Correction to This Article
In some editions of the Post, a June 27 Travel article incorrectly said that there are no nonstop flights from the Washington area to Jackson, Miss. Southwest Airlines offers nonstop flights from Baltimore-Washington International Airport.

Doing Deco, Y'All, in Jackson

By Jean Lawlor Cohen
Special to The Washington Post
Sunday, June 27, 2004

Antebellum . . . Mississippi . . . Jackson. The words conjure visions: a streamlined marquee, a neon greyhound, a leopard-skin settee.

Okay, so that's not what comes to mind. But this summer in the Southern capital of Jackson, the word "antebellum" evokes that other before-the-war time -- the 1920s and '30s of the art deco years.

And the reason? "Paris Moderne," a dazzling exhibition at the Mississippi Museum of Art through Sept. 6. Any Decophile worth his cocktail shaker should check out this luxe installation of exuberant design and modernist art. Paris, after all, was the moderne mother lode.

With a family wedding to attend and the pull of deco objects unseen, my husband and I headed to Jackson for the weekend. We saw the Paris show, toasted the bride and groom and, in less than 48 hours, learned this: The stronghold of the Old South in the 19th century boasts more architectural eye candy from between the world wars than from its Confederate heyday.

That's no surprise to the natives, whose grandparents dubbed the city "Chimneyville," after Gen. Sherman burned it (three times). Of the major pre-Civil War buildings, only the Old Capitol, the Governor's Mansion and part of City Hall remain. That war brought devastation and then the period named, ironically, Reconstruction.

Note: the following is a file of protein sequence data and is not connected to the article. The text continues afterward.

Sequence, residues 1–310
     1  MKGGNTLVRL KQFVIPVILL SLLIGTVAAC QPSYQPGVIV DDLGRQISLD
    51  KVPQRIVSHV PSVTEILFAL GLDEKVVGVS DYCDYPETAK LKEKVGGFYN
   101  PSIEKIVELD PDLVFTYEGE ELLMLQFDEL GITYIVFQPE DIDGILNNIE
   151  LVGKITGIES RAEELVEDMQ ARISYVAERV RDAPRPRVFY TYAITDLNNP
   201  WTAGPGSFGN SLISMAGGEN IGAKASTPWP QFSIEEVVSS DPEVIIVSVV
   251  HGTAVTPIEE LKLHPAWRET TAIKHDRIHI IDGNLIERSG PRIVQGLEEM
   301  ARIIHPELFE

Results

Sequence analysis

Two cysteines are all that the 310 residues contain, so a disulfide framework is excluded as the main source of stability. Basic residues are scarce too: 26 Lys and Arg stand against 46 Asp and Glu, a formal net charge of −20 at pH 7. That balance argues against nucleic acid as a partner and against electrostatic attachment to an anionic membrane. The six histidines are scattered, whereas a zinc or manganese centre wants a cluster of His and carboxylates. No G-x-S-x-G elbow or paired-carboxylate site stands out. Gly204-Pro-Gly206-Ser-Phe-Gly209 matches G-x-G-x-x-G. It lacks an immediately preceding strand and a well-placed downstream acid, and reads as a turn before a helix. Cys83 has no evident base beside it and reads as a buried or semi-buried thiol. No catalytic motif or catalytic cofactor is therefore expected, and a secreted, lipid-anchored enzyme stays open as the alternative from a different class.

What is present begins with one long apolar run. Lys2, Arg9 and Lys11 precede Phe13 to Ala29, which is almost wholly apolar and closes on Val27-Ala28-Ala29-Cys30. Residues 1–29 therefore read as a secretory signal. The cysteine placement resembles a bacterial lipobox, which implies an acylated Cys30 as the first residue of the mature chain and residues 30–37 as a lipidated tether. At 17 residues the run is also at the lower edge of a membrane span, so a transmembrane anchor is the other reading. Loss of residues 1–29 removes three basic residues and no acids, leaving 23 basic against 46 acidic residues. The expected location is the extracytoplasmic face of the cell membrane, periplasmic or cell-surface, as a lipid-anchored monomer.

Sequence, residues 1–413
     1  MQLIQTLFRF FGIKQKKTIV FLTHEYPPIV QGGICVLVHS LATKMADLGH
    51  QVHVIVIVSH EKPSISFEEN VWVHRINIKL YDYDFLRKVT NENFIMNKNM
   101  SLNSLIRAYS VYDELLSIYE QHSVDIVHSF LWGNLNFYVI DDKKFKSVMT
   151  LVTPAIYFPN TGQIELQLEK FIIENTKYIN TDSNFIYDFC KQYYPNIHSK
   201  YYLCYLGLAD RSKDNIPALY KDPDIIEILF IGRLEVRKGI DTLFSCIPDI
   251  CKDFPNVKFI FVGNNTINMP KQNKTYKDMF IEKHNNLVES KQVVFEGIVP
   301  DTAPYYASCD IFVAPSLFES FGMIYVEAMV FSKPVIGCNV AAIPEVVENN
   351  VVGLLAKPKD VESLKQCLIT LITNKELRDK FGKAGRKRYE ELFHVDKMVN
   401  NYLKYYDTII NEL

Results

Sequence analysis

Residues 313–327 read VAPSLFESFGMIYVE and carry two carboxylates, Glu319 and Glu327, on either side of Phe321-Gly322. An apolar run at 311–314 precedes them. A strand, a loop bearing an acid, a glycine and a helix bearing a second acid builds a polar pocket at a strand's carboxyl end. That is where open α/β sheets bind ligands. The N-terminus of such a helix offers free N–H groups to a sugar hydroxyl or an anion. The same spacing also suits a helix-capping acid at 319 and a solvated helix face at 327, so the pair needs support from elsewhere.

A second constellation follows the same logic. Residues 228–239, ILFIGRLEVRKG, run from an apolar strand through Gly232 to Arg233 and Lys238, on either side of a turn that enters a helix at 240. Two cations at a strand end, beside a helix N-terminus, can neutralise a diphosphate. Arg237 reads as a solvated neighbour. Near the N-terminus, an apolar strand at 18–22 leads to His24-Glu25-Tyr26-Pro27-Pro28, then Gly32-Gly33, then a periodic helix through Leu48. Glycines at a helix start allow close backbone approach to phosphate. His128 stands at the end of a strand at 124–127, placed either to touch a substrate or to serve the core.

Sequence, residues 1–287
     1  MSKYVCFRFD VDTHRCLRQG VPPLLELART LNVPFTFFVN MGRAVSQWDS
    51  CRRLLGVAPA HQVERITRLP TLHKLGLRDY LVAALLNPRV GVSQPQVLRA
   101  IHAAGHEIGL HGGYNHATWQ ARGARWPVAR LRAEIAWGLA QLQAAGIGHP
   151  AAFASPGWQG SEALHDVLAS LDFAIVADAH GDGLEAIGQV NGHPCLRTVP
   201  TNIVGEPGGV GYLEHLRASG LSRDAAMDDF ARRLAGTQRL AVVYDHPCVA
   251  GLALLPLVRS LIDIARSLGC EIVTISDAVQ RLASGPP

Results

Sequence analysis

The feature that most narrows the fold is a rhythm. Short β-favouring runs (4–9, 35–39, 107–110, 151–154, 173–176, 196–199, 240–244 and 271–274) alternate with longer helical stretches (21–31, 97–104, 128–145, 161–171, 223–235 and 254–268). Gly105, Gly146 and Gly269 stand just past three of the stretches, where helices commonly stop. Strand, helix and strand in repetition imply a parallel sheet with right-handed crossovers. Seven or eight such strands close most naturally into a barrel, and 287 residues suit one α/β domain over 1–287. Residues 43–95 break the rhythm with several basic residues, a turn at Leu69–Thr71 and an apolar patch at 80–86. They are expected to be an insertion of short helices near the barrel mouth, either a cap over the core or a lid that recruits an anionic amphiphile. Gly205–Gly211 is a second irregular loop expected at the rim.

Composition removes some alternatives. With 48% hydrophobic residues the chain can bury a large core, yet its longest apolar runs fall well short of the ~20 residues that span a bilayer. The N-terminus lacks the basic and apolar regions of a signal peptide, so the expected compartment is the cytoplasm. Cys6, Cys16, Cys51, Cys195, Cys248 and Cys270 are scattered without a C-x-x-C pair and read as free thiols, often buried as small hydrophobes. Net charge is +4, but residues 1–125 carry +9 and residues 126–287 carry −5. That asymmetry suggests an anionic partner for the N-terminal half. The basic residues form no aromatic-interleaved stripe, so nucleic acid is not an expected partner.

Fortunes turned, however, in 1903, when the legislature moved into a new neoclassical Capitol. Soon powerful banks and insurance companies brought the will and means to rebuild on all those desolate plots, and they wanted soaring structures with the worldly, progressive look of deco. Now "Paris Moderne: Art Deco Works from the Musee d'Art Moderne de la Ville de Paris" provides a between-the-wars lens for seeing Jackson in a new way.

The show's most dazzling display is an 18-by-18-foot plaster wall of 45 lacquered gold-leaf panels, all low reliefs by Swiss master screen designer Jean Dunand. The subject: the Olympics, a series of robust images designed for the first-class men's smoker of the cruise ship Normandie.

Five galleries are filled with "ensembles" of furniture and fine art -- objects frivolous and functional, many commissioned by wealthy patrons, cruise lines and the nation of France. Each space reflects a particular taste or inspiration. In one, a drop-dead-deco chaise plays off a suite of ivory-upholstered chairs embossed with Greek figures. Nearby, a life-size gilded bronze Diana confirms a 1930s reverence for Napoleonic style.

Another room teases with things exotic, such as python skin chairs and drawings of wild animals. The next strikes a feminist tone with a ladies' tambour desk of rosewood and a Romaine Brooks portrait of an aristocratic horsewoman. Juxtaposed throughout are paintings by modern masters (Leger, Braque, Matisse, Modigliani, Delaunay, Picasso, a 19-foot Dufy) and furnishings by big names like Jules Leleu and Jacques-Emile Ruhlmann. In all, there are more than 80 objects, including nearly 30 paintings.

For those pursuing deco merchandise, Jackson's not the place. (Victorian-era antiques are more likely finds.) But for architecture buffs like us, the landscape promised enough Depression-meets-the-Ritz to send us off in a rental car. In a matter of hours, we scoped downtown and hit a few neighborhoods. And deco? We found it high and low.

Throughout the sleepy city center, we discovered skyscrapers of medium size (18 stories or less) but impressive scale. The geometric, earth-toned Plaza Building (120 N. Congress) looms on the east side of Smith Park with the panache of New York's Dakota. Nearby, the gleaming white neo-Gothic Lamar Life Building (315 E. Capitol St.) rises 10 stories to a clock tower that looks a lot like London's Big Ben. The citizens of Jackson still set their watches by that clock, the glass discolored by nearly 80 winters.

The 1929 Standard Life Building (206 W. Pearl St.), now the offices of city bureaucrats, dominates a corner of Roach and Pearl streets. Its step-pyramid silhouette is echoed in ziggurat-shape windows and parapets. We entered an eye-popping foyer of chevrons and stripes and then a mirrored, marble lobby. Terrazzo floor diamonds pointed us toward a pair of elevators where a pleasant man stood ready (is this 1930?) to be our "operator."

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